South Africa, Zambia and Zimbabwe

rainbow wall

LGBTIQA+ people all over the world are experiencing discrimination and an increased threat of violence. More than 80 countries have criminalised homosexuality or transgender identity, and in many countries attitudes towards LGBTIQA+ people are extremely hostile.

We are working with a LGBTIQA+ rights organisation in Zambia and Zimbabwe and an umbrella organisation for LGBTIQA+ organisations in South Africa. The aim of our work is to equip our partners with more tools for their own advocacy work to promote the rights of LGBTIQA+ people and to enable them to support the LGBTIQA+ people they reach more effectively.

South Africa

Legally, the rights of LGBTIQA+ people are already fairly well protected in South Africa, where the law prohibits discrimination on the basis of sexual or gender identity. Same-sex marriages were allowed in 2006 and the country was the first to ban discrimination on the basis of sexual orientation in its constitution. Gender affirming surgery is also possible and legal in South Africa.

However, negative attitudes and discrimination are still widespread despite the protection offered by the law. LGBTIQA+ people face verbal and physical threats and outright violence in their daily lives. Traditional and conservative social attitudes continue to stigmatise LGBTIQA+ people


In Zambia, legislation criminalises same-sex relationships, homosexuality and the visibility of LGBTIQA+ people. Same-sex sexual relations can carry a prison sentence of up to ten years. Society’s attitudes towards LGBTIQA+ people are strongly negative and homosexuality, for example, is seen as immoral.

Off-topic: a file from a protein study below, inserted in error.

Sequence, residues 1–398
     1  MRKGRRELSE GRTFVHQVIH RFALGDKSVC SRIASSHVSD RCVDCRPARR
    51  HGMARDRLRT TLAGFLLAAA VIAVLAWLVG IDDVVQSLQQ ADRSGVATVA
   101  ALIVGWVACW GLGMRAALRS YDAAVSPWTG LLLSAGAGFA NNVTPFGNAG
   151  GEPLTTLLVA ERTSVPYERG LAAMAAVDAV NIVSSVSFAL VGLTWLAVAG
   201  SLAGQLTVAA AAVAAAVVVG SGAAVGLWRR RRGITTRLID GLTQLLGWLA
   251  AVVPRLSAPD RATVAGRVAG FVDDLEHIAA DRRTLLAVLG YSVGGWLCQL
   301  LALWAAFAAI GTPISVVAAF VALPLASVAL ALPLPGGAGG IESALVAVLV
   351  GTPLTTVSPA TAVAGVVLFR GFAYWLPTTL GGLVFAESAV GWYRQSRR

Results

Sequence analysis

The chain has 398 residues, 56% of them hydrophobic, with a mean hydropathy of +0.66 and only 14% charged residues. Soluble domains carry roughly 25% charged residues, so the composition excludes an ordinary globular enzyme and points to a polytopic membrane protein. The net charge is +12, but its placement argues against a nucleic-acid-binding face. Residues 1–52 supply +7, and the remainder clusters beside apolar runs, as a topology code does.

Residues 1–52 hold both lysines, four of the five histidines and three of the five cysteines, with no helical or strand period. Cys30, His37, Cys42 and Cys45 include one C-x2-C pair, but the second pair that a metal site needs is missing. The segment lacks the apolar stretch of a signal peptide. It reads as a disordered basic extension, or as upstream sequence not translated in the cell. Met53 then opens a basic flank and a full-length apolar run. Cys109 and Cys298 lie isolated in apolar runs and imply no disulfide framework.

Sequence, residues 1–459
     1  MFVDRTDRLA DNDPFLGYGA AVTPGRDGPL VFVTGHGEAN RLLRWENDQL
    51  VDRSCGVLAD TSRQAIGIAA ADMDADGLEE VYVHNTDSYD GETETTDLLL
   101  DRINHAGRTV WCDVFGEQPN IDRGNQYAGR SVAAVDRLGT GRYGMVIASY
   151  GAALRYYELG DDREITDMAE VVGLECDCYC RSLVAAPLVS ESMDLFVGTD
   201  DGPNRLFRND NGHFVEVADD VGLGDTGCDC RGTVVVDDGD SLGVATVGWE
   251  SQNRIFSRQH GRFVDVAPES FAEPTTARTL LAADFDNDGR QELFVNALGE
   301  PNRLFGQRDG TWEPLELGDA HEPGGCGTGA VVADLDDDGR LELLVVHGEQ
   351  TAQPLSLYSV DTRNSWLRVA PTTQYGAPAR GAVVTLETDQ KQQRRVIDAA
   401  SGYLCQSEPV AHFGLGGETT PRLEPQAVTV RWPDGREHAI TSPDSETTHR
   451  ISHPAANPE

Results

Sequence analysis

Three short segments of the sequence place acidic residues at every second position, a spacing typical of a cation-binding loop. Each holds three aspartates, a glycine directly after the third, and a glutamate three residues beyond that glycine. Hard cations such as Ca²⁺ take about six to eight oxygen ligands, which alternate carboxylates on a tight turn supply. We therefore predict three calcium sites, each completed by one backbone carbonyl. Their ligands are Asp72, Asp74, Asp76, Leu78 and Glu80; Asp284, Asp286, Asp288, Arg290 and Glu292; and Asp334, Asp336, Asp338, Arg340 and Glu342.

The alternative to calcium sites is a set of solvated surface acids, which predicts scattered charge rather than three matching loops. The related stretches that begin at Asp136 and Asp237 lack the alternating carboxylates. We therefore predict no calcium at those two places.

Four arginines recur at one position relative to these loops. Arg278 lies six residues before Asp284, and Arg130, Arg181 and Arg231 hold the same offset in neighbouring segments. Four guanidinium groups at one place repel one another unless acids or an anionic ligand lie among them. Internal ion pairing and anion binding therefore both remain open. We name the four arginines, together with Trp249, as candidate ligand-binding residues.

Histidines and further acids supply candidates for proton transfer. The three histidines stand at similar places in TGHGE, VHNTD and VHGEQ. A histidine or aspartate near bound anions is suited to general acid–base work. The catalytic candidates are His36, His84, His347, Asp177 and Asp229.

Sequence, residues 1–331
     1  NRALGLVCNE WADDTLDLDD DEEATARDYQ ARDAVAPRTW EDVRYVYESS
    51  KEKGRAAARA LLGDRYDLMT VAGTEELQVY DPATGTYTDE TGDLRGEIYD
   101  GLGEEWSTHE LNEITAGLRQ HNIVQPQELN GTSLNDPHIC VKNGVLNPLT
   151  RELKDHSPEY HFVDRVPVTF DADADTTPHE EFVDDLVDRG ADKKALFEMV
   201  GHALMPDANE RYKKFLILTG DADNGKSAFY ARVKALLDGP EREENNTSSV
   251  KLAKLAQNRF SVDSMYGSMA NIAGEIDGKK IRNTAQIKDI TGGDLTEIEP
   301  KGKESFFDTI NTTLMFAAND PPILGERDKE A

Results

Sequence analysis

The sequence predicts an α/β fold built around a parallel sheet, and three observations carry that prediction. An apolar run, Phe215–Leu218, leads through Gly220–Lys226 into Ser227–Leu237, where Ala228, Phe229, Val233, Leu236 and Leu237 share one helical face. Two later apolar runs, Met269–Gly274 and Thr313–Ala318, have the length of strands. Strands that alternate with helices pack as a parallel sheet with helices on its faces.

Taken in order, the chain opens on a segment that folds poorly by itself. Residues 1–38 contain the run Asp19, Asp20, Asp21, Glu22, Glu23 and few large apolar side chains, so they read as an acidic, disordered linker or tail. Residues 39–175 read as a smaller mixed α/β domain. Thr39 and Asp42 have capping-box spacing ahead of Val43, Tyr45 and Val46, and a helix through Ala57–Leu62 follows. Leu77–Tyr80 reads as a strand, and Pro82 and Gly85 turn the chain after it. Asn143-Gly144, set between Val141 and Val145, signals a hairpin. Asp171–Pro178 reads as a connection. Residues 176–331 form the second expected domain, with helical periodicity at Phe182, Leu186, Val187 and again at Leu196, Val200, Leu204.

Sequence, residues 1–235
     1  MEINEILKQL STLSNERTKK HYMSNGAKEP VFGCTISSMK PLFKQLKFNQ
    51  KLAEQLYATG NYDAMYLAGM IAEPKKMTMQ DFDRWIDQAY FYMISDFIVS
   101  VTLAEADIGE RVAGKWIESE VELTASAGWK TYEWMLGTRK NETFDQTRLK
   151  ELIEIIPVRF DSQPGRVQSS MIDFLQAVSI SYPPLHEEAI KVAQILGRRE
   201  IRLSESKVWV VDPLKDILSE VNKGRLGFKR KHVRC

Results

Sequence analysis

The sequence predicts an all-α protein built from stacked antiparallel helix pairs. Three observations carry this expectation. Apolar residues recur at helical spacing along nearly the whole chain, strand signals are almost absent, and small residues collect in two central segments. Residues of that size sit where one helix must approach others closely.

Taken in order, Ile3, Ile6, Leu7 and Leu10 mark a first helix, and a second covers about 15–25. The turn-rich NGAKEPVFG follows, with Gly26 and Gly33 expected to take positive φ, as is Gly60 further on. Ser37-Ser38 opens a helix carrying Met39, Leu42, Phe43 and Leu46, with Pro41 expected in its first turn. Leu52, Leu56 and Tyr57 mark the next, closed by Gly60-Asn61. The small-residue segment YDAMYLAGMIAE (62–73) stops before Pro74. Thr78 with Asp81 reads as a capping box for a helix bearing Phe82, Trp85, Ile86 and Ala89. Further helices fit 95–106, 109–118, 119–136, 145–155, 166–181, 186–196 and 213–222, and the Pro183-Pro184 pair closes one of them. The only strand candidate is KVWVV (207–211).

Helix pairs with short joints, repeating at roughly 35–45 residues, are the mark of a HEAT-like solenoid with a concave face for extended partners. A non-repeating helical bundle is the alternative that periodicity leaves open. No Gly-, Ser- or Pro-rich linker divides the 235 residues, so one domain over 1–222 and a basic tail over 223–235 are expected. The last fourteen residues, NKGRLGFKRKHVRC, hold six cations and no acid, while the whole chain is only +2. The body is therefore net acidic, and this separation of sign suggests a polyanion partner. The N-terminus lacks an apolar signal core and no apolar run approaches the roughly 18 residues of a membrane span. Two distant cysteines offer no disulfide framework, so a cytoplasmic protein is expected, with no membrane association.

Legislation and social attitudes also prevent LGBTIQA+ people from accessing the health care they need, as health care staff are reluctant to offer them HIV testing and counselling, among other things, for fear of possible sanctions. Nor does the legislation allow for gender affirmation.


The state of civil society in Zimbabwe is very narrow and the state is further restricting the activities of human rights defenders. Also in Zimbabwe, legislation criminalises same-sex relationships and sexuality. For example, consensual sex between men can result in a one-year prison sentence or a fine. Same-sex marriage is prohibited by the constitution, and the law does not specifically protect the rights of LGBTIQA+ people.

Social attitudes towards LGBTIQA+ people are very negative and LGBTIQA+ issues are taboo. Hate speech against LGBTIQA+ people is very common and both politicians and religious communities speak openly against the rights of LGBTIQA+ people.

With the support from Finland's development cooperation